2. In a growing economy, the longer the economic life of an investment asset (and the longer the corresponding credit-repayment period), the larger tends to be the amount of net borrowing (the greater the net increase in total debt) in relation to the amount of current investment -- the higher the borrowing/investment ratio (Panel R-10). This is because, during any given period, most of the repayments on such long-term debt reflect the much smaller rate of investment and borrowing many years earlier -- a difference which may be greatly increased by inflation.

    This difference in the debt-generating capacity of different types of investment is strikingly illustrated in the case of houses and automobiles. Although household spending for new houses (8.12) usually has been much less than household spending for new automobiles (8.9), the amount of net mortgage borrowing (11.8) for houses has been five to ten times greater than net automobile borrowing (which is usually only a little over one-third of total installment borrowing (11.9). (See also their respective borrowing/investment ratios, R-10.2, R-10.4). There tends to be a similarly greater amount of borrowing generated by long-lived business investment such as office buildings, apartments, schools, and electric utilities, as compared to equipment with more rapid obsolescence such as oil refineries and automobile body dies.

    Thus, changes in the relative proportions of different types of investment spending may have an important effect on the economy's overall credit balance and therefore implications for appropriate monetary and fiscal policies. (This is a factor which tends to be overlooked in the Keynesian emphasis on the overall amount of investment spending).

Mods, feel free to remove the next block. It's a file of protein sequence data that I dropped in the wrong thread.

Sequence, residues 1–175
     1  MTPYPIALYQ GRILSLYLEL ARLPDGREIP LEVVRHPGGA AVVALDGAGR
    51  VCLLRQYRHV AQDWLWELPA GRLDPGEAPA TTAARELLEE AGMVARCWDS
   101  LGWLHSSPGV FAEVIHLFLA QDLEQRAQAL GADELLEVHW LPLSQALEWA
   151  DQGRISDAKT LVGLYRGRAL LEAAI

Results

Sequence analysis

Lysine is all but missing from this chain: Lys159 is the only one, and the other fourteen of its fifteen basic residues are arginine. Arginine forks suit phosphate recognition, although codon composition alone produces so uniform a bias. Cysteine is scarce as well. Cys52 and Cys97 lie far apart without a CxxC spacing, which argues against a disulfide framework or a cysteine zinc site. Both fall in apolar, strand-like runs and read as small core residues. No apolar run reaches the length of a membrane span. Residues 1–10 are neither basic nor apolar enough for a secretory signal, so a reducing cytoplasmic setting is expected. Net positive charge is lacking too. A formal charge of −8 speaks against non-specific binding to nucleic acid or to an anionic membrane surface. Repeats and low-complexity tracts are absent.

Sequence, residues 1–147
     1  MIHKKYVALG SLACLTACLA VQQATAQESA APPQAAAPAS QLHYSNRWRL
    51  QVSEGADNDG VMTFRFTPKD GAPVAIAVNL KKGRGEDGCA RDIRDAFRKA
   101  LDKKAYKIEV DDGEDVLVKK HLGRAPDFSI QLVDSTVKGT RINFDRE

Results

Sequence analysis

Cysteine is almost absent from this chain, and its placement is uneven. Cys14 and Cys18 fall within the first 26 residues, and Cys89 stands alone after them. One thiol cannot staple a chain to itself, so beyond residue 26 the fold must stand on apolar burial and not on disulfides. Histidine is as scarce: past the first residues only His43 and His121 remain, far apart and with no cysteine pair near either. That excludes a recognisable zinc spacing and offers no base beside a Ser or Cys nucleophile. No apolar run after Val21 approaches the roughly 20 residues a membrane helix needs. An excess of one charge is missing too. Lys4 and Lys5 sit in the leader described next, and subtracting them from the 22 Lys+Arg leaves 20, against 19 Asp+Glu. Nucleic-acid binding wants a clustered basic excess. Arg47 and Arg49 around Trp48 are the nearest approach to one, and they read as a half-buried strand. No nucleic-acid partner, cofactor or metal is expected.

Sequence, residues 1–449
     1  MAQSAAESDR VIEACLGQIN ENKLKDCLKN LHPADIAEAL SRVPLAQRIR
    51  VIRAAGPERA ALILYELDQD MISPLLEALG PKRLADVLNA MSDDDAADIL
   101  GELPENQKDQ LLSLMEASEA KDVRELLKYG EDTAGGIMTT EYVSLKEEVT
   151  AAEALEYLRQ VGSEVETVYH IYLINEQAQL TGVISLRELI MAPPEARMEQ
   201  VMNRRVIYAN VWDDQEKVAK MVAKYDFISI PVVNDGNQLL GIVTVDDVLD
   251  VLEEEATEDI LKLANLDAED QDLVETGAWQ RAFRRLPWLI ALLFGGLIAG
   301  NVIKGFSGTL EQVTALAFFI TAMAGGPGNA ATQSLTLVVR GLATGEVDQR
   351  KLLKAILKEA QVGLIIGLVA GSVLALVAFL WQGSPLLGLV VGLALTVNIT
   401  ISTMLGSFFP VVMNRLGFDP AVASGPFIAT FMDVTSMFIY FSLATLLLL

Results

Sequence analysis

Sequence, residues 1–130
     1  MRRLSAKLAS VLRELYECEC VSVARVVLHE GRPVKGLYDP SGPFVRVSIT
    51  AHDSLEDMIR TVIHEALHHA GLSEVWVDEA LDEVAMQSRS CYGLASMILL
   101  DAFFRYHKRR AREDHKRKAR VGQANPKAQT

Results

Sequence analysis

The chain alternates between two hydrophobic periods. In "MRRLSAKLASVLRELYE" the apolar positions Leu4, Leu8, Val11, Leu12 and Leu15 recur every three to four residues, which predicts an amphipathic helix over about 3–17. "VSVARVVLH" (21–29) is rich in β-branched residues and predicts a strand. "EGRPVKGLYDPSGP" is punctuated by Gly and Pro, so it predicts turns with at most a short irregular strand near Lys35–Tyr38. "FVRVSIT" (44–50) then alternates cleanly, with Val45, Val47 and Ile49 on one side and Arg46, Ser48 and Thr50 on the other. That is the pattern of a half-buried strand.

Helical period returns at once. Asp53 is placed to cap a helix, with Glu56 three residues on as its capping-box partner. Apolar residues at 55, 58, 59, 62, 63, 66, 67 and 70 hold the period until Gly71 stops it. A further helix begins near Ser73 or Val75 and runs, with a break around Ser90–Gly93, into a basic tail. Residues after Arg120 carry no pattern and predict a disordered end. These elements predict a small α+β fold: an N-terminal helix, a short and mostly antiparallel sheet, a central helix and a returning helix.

3. To the extent that investment expenditure is financed to the maximum degree with borrowed funds, the debt repayments (on any credit-financed investment) will tend to correspond closely with its depreciation allowance (so that the outstanding debt remains below the remaining mortgage value of the asset). As a result, there also tends to be a fairly close relationship between the economy's total net investment (i.e. the excess of total investment over total depreciation allowances) and its net borrowing (the excess of new borrowing over repayments -- see Panel R-11B).

    Since both depreciation allowances and debt repayments reflect mainly past (and often distant past) rates of investment and borrowing, a change in the GROWTH RATE of the economy (GRE, 1.2) tends to cause a disproportionately large change in the rate of NET investment and NET borrowing (Panel 11). This effect has been called the ACCELERATION PRINCIPLE.

  4. Since all inventory investment (9.1, 10.2) -- i.e., the net increase in inventory stocks -- is also net investment, the acceleration principle applies particularly to inventory investment and related business borrowing (12.1, 10.4). (However, as with capital investment, there tends to be a lag in the degree to which businesses can actually adjust their inventory investment to sharp changes in the rate of sales.)